Rebel Doctor

Over ten years ago, Jenny asked me what would make me happy. My reply was that nothing would make me happy because I wasn’t pursuing happiness.

That has changed. When I read a particular email recently, I felt immense joy and happiness. In fact, it meant so much to me that I read and re-read the email repeatedly and wept for most of that day.

So, if I wasn’t pursuing happiness, what was I chasing all my life? That was a hard question, and I concluded that my life objective was not in pursuit of happiness but living a form of rebellion. Every step of the way.

Existing in poverty in my early childhood, I rebelled against the status quo and started working at aged thirteen.

When death cruelly took my sister and crushed me, I rebelled by deciding to become a doctor. I would fight death from the other side. I would stand in its way and battle it head-on. I drew on my rebellious spirit and rose to academic success in a humble high school and then picked up a stethoscope – my weapon of choice.

The academic road to medicine in war was difficult enough. However, that and the devastating and unjust death of my brother, Naeem, proved the perfect fuel for the rebel doctor. When war came, amid the absence of government and the American invasion of Baghdad, I stood firmly for justice, working hard to protect the integrity of the hospital and university, and ensured that patients had fair access to medical services.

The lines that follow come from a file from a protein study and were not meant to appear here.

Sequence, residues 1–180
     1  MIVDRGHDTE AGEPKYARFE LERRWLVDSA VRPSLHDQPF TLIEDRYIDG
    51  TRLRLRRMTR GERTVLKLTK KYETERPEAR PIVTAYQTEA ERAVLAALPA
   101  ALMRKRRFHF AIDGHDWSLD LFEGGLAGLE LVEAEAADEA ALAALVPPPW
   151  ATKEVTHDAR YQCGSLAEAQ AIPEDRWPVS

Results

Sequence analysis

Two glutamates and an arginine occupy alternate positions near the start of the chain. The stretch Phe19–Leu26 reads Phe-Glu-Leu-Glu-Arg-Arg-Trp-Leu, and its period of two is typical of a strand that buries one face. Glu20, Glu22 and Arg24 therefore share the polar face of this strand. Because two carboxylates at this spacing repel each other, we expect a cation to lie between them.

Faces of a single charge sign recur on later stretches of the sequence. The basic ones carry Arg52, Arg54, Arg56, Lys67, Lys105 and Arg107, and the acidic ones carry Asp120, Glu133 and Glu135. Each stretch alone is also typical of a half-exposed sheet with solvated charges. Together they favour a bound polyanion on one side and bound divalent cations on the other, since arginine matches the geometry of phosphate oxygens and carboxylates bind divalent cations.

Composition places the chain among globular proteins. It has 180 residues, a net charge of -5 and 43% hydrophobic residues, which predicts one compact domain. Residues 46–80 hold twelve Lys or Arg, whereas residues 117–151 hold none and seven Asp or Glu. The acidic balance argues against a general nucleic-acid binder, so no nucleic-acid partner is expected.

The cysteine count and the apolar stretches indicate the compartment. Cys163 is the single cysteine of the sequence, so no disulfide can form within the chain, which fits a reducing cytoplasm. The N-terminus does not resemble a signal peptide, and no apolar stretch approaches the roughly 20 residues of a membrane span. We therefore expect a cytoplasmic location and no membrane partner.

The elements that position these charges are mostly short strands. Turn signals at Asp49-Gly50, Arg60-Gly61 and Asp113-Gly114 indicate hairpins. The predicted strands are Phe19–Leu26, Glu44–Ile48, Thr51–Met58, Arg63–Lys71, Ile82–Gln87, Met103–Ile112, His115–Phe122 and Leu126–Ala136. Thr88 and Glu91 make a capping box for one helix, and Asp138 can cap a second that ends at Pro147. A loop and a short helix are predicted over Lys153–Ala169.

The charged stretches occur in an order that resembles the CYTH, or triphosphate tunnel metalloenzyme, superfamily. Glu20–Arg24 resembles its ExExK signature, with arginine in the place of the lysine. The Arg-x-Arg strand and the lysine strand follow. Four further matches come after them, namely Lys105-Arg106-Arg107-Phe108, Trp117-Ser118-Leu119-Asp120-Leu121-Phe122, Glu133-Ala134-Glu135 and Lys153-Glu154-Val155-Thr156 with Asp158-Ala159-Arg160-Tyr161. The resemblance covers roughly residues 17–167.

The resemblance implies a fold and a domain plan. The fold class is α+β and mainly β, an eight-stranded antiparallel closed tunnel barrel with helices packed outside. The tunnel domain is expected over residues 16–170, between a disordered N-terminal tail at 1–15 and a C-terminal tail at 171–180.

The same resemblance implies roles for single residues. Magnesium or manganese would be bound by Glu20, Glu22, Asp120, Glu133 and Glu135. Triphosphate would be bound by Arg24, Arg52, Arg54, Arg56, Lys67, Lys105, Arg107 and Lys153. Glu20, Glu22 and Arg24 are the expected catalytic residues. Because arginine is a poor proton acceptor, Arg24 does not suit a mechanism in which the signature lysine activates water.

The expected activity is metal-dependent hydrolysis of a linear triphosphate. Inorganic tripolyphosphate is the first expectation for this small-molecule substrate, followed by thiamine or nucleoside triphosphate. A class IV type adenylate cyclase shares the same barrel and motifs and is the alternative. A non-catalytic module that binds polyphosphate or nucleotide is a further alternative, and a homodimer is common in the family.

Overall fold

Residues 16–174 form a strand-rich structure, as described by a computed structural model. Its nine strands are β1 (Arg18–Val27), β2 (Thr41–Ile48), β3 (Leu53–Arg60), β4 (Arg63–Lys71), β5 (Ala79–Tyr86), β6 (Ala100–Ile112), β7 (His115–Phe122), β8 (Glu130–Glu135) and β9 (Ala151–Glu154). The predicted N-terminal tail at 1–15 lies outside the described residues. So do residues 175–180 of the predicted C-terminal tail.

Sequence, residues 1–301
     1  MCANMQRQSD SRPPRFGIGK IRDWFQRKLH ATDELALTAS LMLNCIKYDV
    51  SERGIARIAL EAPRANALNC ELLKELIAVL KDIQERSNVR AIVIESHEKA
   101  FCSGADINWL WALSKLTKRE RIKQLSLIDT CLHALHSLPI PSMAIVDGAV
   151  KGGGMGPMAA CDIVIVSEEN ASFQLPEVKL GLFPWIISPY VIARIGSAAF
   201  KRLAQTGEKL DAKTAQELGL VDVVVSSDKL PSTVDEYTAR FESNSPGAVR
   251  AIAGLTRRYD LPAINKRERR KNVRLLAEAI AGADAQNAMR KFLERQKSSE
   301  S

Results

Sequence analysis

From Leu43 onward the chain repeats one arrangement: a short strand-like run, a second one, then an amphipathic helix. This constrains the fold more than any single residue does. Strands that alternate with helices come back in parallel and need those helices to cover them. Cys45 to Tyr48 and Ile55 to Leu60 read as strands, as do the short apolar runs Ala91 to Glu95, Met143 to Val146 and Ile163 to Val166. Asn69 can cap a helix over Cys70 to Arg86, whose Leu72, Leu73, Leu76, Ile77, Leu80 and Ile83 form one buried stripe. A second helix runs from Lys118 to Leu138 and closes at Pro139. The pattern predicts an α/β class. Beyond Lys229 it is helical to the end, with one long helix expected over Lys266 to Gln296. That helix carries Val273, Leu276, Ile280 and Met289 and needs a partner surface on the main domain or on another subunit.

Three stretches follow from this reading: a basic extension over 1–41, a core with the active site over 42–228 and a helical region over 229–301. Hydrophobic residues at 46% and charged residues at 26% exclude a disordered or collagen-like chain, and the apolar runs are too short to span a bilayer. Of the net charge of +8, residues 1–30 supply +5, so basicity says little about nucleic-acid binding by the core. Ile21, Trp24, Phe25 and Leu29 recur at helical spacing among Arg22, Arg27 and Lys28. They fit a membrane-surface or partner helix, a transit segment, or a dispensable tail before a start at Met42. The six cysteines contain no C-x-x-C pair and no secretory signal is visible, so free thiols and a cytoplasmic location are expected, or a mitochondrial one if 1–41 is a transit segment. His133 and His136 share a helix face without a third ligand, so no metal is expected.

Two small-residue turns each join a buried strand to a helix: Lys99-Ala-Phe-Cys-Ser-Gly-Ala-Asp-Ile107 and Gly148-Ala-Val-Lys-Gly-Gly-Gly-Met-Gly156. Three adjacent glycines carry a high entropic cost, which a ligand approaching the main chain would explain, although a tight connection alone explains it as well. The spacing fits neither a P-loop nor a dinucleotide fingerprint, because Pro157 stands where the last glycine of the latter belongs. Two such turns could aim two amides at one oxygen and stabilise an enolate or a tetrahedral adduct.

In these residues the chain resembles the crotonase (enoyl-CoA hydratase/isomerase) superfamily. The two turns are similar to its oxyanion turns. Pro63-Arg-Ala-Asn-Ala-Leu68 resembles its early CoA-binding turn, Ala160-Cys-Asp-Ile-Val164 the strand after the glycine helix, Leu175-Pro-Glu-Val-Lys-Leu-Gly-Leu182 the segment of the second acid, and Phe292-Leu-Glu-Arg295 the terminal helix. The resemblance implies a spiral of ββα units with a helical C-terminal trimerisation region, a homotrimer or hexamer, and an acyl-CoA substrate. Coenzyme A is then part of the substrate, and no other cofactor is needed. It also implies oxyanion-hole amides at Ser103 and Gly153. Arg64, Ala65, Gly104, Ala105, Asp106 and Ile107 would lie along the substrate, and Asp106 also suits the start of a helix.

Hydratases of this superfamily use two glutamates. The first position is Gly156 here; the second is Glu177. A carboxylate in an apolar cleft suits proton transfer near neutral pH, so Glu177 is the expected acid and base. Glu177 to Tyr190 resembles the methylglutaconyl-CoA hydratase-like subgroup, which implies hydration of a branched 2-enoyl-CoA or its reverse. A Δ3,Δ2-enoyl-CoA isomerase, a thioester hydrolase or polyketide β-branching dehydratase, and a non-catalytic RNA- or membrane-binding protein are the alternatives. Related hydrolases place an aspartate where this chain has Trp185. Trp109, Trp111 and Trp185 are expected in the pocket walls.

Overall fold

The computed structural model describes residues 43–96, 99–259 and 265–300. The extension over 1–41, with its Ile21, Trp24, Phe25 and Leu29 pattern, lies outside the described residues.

Handing over the hospital to the newly appointed management, I went back to study and to make my dream of becoming a specialist come true. As I continued, many of my friends and people I knew lost their lives or disappeared. Even sitting exams was life and death as missiles rained down on us. Yes, I was afraid – a lot. But rebels draw on a determination that is close to madness, spurring us on regardless.

Understandably, I failed to pass the final exam and went to Australia.

Then, everything seemed to conspire against my life quest to become a doctor. But, my spirit was strong and, time and again, the rebelliousness in me surged, and I fought the odds for more than ten years to bring back my dream.

I did it. I am here at the other end.

In March 2018, I was admitted as a Fellow of the Royal Australasian College of Physician (RACP) and became a specialist. My dream came true. I had commenced my training in October 2002 and succeeded in my endeavours sixteen years later.

That email, the one that brought me to my knees in tears was from the President of the Royal Australasian College of Physicians informing me that I was granted a Fellowship.

Currently a consultant physician at West Gippsland Healthcare Group, I’m part of the Baw Baw Physicians in Warragul and an adjunct senior lecturer at Monash University.

And yes, I am happy. Happiness did find the rebel doctor.